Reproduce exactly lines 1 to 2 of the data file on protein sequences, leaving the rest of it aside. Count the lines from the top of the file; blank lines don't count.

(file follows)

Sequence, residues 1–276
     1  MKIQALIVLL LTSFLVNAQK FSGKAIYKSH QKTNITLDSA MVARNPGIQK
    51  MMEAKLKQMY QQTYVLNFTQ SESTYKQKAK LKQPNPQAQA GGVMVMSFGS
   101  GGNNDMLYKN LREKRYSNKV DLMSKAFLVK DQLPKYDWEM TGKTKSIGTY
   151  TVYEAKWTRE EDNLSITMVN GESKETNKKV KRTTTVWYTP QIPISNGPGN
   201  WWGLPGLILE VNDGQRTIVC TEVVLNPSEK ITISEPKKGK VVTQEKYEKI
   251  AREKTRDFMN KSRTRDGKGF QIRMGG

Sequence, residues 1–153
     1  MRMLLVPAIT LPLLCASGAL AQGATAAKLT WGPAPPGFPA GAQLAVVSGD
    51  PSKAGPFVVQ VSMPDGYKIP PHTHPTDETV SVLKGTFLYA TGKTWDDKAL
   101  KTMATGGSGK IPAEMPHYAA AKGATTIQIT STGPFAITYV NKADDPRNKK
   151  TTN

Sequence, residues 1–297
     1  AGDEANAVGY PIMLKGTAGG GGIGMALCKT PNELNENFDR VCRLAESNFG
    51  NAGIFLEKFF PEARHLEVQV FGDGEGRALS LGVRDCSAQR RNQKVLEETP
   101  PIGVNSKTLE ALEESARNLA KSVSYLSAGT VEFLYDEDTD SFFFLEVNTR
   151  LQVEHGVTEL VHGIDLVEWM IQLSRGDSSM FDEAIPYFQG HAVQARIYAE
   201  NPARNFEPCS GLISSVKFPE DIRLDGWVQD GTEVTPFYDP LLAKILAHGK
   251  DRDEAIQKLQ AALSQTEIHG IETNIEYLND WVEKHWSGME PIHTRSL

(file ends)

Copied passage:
Sequence, residues 1–276
     1  MKIQALIVLL LTSFLVNAQK FSGKAIYKSH QKTNITLDSA MVARNPGIQK